After the fish were gutted, the deck hosed down, and the whiskey poured, my father and his crew told me a story of a local fisherman who—after returning home from months at sea—found his wife old and withered, as if time had sped up while he was gone. I was six-years-old and curled up in my father’s lap. I learned of how a young woman who was once full of life was stripped of her beauty, her smooth skin now like sandpaper to the touch, and her emotionless eyes, black as a moonless night, stared emptily back. One by one this happened to every fisherman in town. The wives, my father said, had been replaced by demons. What was left was no longer human, and it needed to be incinerated. None of the women made a sound as their dry skin cracked and hissed in the flames.
A year later, when my mother decided to move the two of us across the country, my father said at least he’d escape the fisherman’s curse.
It’s been fourteen years since I’ve stayed here past September. But adrift with a recent liberal arts degree that equipped me for both everything and nothing, I decided to stay with my father for a while.
Keep your eyes peeled, he said as I zipped up my jacket and pulled on a grey wool hat. Always looking out to the horizon, my father. He spent the majority of his life at sea, chasing the tides and the fish within the currents. The ocean, he said, is a tricky bitch. Even after all those years, he never trusted the water. Keep your eyes peeled was his version of goodbye.
The air was soft and salty on the empty beach, and my breath swirled around me like the whitecaps on the waves. The summer season had passed, and with it, the seasonal tenants. During the summer months, families and young wealthy couples pour enough money into this coastal town to keep it running the rest of the year. They return to the city as soon as the air has a whip to it.
The sand crunched beneath me as I looked for a glint of color amongst the rocks and seaweed. As I reached down to pick up a rare royal blue piece of sea glass, I saw movement from the cliffs to the right of me.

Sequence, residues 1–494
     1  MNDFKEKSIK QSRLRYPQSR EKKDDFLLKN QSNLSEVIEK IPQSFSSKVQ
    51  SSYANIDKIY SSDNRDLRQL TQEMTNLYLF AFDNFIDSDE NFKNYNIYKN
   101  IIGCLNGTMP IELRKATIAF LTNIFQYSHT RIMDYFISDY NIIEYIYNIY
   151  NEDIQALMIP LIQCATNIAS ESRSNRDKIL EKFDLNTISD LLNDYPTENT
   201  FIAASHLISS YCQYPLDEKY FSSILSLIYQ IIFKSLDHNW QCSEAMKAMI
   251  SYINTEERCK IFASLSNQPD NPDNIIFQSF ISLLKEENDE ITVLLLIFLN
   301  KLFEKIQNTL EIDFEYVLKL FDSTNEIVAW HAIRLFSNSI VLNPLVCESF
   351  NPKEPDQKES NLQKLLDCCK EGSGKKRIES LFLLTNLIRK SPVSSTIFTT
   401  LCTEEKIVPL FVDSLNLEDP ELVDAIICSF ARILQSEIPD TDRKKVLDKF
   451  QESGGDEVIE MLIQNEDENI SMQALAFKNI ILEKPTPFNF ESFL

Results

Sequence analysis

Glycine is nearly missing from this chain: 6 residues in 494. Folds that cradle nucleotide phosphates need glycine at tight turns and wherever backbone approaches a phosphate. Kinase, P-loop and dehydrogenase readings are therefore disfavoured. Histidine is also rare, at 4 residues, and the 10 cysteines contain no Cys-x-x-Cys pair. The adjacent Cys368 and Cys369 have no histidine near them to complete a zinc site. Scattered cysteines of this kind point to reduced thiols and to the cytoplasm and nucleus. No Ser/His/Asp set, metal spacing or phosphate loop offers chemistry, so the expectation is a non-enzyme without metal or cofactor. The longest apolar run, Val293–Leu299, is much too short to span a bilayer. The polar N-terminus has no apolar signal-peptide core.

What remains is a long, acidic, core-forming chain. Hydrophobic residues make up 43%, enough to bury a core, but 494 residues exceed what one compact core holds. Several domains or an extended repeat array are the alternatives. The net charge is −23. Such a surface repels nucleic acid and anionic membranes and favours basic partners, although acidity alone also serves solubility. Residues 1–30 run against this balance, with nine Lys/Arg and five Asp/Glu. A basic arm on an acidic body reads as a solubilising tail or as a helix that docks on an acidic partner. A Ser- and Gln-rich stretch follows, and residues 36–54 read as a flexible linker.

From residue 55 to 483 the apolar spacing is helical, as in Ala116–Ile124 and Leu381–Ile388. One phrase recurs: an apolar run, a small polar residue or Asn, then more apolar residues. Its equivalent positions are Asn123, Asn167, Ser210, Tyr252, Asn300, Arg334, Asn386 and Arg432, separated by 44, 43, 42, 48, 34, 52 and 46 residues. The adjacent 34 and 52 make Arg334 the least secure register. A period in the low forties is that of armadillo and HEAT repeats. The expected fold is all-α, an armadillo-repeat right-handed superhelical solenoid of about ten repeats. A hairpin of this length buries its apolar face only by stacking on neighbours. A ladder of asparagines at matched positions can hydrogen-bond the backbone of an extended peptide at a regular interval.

I thought I knew everyone in this part of town, but I didn’t recognize her worn out face. She moved like she was borne by the waves and the unyielding nature of the sea. Quick and calm, each step was deliberate and powerful. Wrapped in a white linen dress with a deep-v neckline, the cloth making tracks in the sand, I thought I heard her heartbeat changing with the tide.
She didn’t speak as she stood before me, but tilted her head in a silent question. My lips parted as I inhaled, the words forming in my chest. Before I could speak, her hands were on either side of my head, pressing into my temples. My eyes burned as her fingers pushed harder and harder. Crying out, the sand absorbed the impact of my knees. I watched as her cracked lips turned crimson, the creases around her forehead smoothed over, the shadows under her hazel eyes disappeared.
I felt my pupils dilate, taking in more and more light. A slow, satisfied smile spread across her lips before the world faded into whiteness.
My father’s story was wrong. No demon has replaced me. No, that’d be too merciful. The translucent skin on my hands shows the dark veins beneath it. What was once pale is now spotted and tender to the touch. My reflection in the mirror reveals the time that was taken away from me. I look into my eyes, into the blackness peering back, and I feel nothing.
I only hear my father weeping as the match strikes.